I've caught hundreds of cutts at Strawberry, and all but a couple swam back down seemingly healthy with minimal bleeding. Granted that's almost exclusively with single-hook lures. But even with powerbait you can use salmon egg hooks, and even little planters in community ponds end up mostly OK.

I would suggest maybe trying something different if you're killing lots of fish you can't legally keep.
Report Post | Register to Reply
Re: [dregs] Injured Cutts at Berry In reply to
I don't recall reading where the damage was his. Did I miss something?

I have seen released fish that others had mauled.
Report Post | Register to Reply
Re: [BURLEY] Injured Cutts at Berry In reply to
BURLEY wrote:

If you catch a slot Cutt and he will obviously die from hook injury, is it better to be legal and throw it back to die or keep it and try to plead your case to the DWR?

If you keep one and you are caught the only question to ask is how much will the fine be and where do I pay it. No amount of pleading will result in not receiving a fine. At least that is what I have observed when I have seen guys keep them and try to explain that it was deep hooked and going to die.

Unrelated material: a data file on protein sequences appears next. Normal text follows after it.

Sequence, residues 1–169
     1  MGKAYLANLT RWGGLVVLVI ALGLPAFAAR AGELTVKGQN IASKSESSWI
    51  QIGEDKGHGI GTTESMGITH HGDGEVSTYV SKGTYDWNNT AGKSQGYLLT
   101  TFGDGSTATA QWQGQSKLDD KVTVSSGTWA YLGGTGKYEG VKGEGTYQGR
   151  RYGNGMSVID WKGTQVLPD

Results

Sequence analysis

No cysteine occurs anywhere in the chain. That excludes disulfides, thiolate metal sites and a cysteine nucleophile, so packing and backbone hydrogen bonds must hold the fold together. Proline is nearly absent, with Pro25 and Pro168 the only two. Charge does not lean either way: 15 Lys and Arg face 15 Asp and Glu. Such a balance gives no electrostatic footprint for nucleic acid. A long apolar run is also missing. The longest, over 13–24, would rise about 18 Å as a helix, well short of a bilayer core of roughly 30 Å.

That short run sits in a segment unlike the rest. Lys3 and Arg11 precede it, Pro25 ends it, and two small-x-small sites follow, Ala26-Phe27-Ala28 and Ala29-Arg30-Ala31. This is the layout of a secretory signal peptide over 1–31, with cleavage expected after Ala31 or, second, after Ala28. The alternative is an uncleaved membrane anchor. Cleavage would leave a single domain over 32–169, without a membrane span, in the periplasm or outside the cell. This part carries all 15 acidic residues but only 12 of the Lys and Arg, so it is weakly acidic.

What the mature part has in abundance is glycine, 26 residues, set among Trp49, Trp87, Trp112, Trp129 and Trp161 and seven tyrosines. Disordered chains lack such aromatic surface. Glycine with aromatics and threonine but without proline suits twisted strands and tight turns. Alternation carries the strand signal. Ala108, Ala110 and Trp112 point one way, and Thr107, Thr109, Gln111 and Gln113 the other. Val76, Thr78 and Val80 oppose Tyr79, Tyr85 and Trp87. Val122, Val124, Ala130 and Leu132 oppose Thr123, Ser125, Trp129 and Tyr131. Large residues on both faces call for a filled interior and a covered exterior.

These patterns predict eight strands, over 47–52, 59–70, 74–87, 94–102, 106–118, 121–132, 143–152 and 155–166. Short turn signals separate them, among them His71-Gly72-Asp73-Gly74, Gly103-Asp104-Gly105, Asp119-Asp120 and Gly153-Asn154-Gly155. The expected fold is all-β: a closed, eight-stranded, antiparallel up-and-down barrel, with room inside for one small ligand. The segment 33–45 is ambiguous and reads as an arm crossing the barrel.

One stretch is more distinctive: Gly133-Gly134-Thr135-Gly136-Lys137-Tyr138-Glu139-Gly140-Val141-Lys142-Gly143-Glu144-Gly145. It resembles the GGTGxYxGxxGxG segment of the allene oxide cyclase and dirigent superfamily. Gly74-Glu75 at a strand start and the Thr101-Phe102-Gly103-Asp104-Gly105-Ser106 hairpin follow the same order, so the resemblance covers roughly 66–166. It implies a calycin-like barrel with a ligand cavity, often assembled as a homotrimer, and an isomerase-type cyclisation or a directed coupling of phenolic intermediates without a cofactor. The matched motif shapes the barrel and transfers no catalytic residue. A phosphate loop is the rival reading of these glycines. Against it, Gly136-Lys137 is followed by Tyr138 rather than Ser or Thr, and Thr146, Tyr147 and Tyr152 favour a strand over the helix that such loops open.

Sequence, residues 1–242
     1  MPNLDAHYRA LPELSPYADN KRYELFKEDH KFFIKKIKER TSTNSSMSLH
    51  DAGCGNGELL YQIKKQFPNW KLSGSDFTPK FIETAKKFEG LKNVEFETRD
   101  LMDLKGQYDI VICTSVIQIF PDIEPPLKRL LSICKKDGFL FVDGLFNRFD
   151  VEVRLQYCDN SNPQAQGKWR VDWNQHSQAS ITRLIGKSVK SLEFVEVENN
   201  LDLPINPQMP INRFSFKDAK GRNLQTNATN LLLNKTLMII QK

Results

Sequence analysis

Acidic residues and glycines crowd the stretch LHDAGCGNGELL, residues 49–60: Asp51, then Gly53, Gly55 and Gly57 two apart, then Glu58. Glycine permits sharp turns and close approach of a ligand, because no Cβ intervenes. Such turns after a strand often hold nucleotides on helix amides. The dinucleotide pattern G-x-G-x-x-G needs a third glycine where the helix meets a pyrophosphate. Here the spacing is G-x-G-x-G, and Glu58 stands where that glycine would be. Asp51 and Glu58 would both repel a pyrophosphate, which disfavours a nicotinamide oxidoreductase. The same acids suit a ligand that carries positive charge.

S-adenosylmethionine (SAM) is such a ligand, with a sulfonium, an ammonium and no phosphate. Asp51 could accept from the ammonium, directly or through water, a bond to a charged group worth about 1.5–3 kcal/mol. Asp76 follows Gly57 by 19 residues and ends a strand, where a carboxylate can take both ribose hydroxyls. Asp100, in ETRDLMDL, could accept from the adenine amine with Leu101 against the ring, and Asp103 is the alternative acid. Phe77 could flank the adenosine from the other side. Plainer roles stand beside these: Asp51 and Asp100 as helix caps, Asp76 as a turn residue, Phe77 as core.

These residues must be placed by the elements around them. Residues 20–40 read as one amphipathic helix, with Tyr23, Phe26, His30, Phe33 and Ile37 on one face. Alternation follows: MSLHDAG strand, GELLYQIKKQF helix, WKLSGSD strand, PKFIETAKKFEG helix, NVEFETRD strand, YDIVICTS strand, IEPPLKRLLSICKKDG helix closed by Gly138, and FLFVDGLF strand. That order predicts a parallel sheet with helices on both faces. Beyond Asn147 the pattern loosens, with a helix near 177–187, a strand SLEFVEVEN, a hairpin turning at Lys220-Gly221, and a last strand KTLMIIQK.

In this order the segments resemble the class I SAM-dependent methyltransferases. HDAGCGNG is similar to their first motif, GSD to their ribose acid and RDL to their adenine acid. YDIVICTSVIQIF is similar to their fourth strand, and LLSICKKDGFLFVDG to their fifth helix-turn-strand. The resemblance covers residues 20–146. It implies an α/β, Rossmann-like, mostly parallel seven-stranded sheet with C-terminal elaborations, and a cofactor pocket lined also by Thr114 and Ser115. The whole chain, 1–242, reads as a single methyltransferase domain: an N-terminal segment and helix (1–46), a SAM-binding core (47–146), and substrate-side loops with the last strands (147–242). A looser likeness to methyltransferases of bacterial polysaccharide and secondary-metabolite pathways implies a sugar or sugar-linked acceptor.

“To know what is right and not do it is the worst cowardice.”
Confucius
Report Post | Register to Reply
Re: [lifeshort] Injured Cutts at Berry In reply to
lifeshort wrote:
When was the last time you were checked at the Berry? Been there a lot never checked by a CO only college kids filling out surveys.

I get checked about once a year. In fact my last trip up to the Berry a few weeks ago I was checked over at East Portal. He checked my licence, asked to see and fish ( didn't have any), and asked how the fishing had been.

Mark
Report Post | Register to Reply
Re: [dregs] Injured Cutts at Berry In reply to
dregs wrote:

I've caught hundreds of cutts at Strawberry, and all but a couple swam back down seemingly healthy with minimal bleeding. Granted that's almost exclusively with single-hook lures. .
Just another FYI....according to the available research (as the links above verify--take a look at page 13 of the last one I posted), hooking mortality is worse with single hooks compared to treble hooks because treble hooks are more likely to hook fish in non-lethal areas. So, if you are concerned about killing fish, lures with treble hooks are better!
The moment we begin to fear the opinions of others and hesitate to tell the truth that is in us, and from motives of policy are silent when we should speak, the divine floods of light and life no longer flow into our souls.
Elizabeth Cady Stanton